Thursday 27 April 2017

UK Election: another broken proimise (1)

I've just returned from a week's holiday in the Netherlands, where I've been more or less cut off from British news, so much of what follows has probably already been said.  However, for the record. . .

I started my holiday by travelling down to London on Tuesday 18th  April, and was startled,  on leaving King's Cross Station,  to see blazoned on the front page of the Evening Standard that Mrs May had called an election.  At first I had assumed it was some sort of spoof as per Private Eye .

It has never been  quite clear why Mrs May  has, since having become Prime Minister, so emphatically ruled out the possibility of a General Election before the schedule end to the parliament in 2020.  But she has, not once but several times.

So why the change of heart?  The tale that her mind was cleared during a walking holiday is clearly pure bunkum.  The decision is obviously guided at least to some extent by the plotting of party advantage  in, nowadays, smoke-free rooms.

Even the  published reason, that the nation is coming together  in wanting to get on with leaving the EU,  but parliament is divided with ne'er-do-wells trying to obstruct her implementation of the "will of the people," is equally disingenuous.  Sadly, parliament is already far too supine in succumbing to her will, and failing dismally to represent the views of the many of us (and nearly all the "experts") who see her policy as folly.

It is also sad to see the one significant constitutional achievement of the Liberal Democrats in the coalition, the fixed term parliament, fall at the first hurdle. It would, of course, have been embarrassing for Labour, given their legitimate and profound disagreements with the government's social policies, to have voted against and thus blocked  the dissolution.  But even so a reasonable case, that all energies must be focused on the Brexit deal, could have been made.

As a result, Mrs May has been allowed to break her oft-repeated promise, and our politics is diminished. No wonder people are disillusioned.  I suspect they will become even more so as the simplifications (the will of the people), distortions (strong and stable leadership) and, yes, downright lies ( watch this space) are bandied around in the coming weeks.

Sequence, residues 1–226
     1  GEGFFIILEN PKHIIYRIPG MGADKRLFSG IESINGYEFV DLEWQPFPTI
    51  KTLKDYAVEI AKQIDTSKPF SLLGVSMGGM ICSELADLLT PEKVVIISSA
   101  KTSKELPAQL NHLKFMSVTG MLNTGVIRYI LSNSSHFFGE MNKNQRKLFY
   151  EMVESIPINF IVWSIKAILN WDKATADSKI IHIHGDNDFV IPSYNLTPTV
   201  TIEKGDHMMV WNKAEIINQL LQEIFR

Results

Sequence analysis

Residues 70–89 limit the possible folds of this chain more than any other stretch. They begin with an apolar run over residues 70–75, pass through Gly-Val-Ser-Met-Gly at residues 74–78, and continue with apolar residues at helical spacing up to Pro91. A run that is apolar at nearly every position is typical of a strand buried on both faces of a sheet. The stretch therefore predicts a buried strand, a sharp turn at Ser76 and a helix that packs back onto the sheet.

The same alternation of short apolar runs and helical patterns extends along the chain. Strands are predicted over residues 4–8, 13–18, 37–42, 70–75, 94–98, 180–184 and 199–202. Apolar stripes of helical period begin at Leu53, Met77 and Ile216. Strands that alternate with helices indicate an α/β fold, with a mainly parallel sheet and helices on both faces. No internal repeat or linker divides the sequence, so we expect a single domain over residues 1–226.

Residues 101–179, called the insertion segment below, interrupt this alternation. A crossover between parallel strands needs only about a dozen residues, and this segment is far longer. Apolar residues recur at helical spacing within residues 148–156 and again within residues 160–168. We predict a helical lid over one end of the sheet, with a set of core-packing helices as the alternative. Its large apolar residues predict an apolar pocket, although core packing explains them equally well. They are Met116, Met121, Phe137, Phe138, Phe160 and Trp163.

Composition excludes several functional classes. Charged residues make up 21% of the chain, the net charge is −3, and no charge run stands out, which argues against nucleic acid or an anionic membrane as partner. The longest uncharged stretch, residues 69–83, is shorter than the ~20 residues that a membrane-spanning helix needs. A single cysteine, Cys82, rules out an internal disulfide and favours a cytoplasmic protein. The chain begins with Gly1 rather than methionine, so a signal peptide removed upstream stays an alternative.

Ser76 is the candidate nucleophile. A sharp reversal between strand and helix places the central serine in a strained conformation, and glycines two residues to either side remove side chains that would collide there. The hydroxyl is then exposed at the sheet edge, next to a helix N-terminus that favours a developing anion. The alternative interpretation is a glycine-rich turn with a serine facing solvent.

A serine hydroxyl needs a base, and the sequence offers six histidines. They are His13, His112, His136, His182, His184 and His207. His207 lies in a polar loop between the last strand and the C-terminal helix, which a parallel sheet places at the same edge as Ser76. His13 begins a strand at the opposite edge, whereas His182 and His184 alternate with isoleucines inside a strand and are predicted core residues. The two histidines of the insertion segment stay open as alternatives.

But, as Harold Wilson famously noted:  "A week is a long time in politics."  And with six of them to play with a lot can go wrong for Mrs May.  Her predecessor David Cameron miscalculated badly, and quite unnecessarily. It's perfectly possible she may have done the same.


  1. Are you sure it was the Evening Standard you were reading? They've just hired a new editor you know!

    You are right, it is the dark suits and market research think tanks that have suddenly decided upon this election.

    In my humble opinion the Tories have way over speculated on their popularity. The Tories won the last election on a referendum promise stealing UKIP And Labour voters. This time if you vote Labour you still get Brexit.

    But what if you vote liberal? It would seem like the logical choice for the protest vote.

    1. Thanks for your comment, Mr Stewart. I agree that Mrs May (or rather, her back-room advisers) may have over-estimated their chances, and sincerely hope both that the Labour Party can pull itself together and fight its own "strong and stable" campaign, and that we Liberal Democrats can recoup enough ground to have a big enough presence to put a stop to the Brexit nonsense. Suggest you read Jonathan Steele in today's "Guardian."